With only a few exceptions, there's a single continuity for all Pathfinder products, using the Inner Sea World Guide as a baseline and expanding from there. The most notable exceptions are products in which the outcomes are unwritten—when they're left up to individual GMs and players. Thus, the canon of what happens as a result of an adventure is really only canon in a campaign in which that adventure took place. We want everyone to feel that they can run through just about any adventure, in any order, at any time, and not feel like they are doing so in defiance of established canon. This means when you run Rise of the Runelords, what happens as a result of that campaign defines what is canon in your game. Except for a few rare events we've built sequels around, the events of an adventure or adventure path are always assumed to be just on the verge of happening in official canon. (This includes the Pathfinder Society Organized Play campaign, which has its own internal canon for players of that campaign.)
Something like a setting sourcebook, in which we can say, "this event occurred" and "this is who secretly runs the city's assassins' guild," can follow the same continuity as any other source that describes concrete events. This includes fiction and, yes, comic books. Where the continuity of the Iconics' particular adventures gets a little fuzzy is that they appear a lot of places, and often in different adaptations of the same content.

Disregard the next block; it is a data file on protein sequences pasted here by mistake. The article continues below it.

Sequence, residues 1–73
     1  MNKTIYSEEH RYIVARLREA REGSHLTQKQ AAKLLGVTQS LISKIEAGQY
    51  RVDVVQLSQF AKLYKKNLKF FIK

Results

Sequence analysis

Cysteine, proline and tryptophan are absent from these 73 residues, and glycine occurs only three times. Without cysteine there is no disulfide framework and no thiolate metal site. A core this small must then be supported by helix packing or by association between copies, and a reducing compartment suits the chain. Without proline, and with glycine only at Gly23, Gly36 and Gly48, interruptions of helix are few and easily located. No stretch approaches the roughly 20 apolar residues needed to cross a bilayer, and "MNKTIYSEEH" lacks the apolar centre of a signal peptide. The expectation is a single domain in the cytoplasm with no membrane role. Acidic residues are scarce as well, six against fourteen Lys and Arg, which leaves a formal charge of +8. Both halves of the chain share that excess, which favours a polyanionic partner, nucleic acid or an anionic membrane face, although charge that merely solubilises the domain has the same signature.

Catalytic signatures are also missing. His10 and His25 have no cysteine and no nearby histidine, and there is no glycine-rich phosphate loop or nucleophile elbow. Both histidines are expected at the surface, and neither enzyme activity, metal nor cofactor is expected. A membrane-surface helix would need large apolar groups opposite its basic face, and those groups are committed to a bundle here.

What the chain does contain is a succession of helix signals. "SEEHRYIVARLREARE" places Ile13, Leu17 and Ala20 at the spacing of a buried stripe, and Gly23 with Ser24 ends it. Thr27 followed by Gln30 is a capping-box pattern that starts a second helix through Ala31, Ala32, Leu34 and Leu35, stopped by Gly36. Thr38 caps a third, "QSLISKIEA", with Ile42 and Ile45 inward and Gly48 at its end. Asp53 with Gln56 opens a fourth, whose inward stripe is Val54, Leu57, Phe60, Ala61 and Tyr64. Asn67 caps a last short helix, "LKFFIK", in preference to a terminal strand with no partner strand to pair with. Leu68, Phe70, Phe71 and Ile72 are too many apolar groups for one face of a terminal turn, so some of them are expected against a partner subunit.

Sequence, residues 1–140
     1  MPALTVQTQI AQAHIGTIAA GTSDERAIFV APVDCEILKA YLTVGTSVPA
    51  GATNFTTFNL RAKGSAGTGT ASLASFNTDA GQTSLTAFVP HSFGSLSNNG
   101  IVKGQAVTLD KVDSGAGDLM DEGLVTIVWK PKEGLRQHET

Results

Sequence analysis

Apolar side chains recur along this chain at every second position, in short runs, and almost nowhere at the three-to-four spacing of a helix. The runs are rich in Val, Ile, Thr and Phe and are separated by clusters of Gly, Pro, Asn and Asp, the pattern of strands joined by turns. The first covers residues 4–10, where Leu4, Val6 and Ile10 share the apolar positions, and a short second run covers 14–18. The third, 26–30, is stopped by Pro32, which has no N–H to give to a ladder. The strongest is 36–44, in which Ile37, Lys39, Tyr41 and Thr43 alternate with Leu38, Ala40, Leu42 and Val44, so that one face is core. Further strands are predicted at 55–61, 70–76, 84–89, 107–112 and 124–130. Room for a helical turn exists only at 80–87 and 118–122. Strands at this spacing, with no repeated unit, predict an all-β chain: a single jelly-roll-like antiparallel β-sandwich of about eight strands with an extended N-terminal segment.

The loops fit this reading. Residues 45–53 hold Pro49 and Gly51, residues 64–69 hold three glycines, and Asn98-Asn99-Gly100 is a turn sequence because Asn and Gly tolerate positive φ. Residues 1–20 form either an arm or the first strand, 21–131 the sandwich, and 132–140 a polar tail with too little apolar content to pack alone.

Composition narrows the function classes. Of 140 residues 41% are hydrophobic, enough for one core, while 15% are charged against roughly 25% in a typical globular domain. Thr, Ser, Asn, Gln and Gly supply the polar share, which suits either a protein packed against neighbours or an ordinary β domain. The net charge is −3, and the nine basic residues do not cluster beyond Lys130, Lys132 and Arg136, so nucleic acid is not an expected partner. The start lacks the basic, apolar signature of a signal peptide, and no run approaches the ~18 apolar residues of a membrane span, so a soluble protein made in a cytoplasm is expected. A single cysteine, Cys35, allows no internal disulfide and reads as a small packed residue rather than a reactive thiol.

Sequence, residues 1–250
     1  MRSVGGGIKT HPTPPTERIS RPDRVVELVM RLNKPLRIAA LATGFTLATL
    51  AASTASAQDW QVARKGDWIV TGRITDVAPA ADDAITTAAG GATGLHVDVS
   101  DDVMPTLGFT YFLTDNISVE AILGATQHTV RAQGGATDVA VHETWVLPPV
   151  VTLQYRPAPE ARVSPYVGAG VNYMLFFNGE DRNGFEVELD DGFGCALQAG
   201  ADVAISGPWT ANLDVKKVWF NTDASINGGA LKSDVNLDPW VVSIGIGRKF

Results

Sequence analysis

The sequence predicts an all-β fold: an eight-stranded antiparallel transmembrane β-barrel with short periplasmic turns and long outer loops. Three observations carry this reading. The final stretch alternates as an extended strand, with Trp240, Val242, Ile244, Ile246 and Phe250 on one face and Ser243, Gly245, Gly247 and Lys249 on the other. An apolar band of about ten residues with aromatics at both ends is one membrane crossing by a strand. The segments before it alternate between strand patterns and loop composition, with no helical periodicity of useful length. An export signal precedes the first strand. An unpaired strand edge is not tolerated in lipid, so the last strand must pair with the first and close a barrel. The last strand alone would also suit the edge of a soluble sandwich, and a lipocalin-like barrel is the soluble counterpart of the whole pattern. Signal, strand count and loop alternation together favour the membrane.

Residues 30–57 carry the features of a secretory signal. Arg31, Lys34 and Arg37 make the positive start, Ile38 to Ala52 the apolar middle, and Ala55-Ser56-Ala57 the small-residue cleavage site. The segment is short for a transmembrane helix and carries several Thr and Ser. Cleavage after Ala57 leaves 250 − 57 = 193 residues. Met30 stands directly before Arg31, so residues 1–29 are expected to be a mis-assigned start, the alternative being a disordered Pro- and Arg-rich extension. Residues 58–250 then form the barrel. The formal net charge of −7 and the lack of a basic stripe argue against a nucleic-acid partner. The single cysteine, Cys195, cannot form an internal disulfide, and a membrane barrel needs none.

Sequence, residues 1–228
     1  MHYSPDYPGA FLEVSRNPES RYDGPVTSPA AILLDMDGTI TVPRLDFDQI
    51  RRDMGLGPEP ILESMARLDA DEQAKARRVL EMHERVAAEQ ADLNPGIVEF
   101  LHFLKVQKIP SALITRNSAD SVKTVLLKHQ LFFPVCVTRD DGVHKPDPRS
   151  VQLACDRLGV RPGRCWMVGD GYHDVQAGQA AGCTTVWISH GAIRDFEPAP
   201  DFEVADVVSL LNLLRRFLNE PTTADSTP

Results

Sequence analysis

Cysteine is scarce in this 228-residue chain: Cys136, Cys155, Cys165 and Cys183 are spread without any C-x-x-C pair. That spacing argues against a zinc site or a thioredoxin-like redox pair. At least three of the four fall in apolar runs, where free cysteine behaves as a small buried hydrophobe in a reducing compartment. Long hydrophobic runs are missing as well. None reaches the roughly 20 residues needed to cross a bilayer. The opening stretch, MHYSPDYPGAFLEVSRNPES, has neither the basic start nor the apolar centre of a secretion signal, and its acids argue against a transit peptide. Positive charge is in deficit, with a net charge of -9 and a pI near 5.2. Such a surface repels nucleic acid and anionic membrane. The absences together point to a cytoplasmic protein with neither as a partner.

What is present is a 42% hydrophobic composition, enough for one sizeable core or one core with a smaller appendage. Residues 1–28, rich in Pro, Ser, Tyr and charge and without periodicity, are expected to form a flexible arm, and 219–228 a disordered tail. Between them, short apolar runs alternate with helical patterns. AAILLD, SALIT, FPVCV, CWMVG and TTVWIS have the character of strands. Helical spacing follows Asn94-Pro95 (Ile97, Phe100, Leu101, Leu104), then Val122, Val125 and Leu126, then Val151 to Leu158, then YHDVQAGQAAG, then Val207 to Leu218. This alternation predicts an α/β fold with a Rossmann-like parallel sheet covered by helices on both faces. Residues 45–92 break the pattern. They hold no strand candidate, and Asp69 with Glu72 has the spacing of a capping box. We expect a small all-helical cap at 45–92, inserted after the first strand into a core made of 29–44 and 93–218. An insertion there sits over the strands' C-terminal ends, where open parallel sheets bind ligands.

The intention for the Iconics was that they would be stand ins for the PCs in art in our products, and that they'd have names and personalities so that players could identify with them over the course of the brand's life. That means that when it comes time to tell some stories set in our world, either in audio dramas or comics or a television series or Hollywood film adaptation, the characters that are most identifiably "Pathfinder" are those same Iconics.
Since you mentioned comics, I guess the best comparison I can give on how continuity with the Iconics works is to think of the various "Earths" in DC, across which there are multiple Supermen and Wonder Women. Whichever reality you're reading is internally consistent and what happens in that reality is canon. But a single different decision on Earth 2 could mean large butterfly effects for the continuity on that world. The Iconics are our Supermen, Green Lanterns, and Flashes. So while they're the same character across all instances of themselves, the specifics of the events surrounding their lives in any single reality might not line up perfectly with those of other realities. The Iconics' continuity within the comics is canon for the comics, and the Iconics' continuity for the audio dramas is canon for the audio dramas. And if one of them ever appeared as an NPC in an adventure path, they'd be canon for that AP in any campaign that included those events.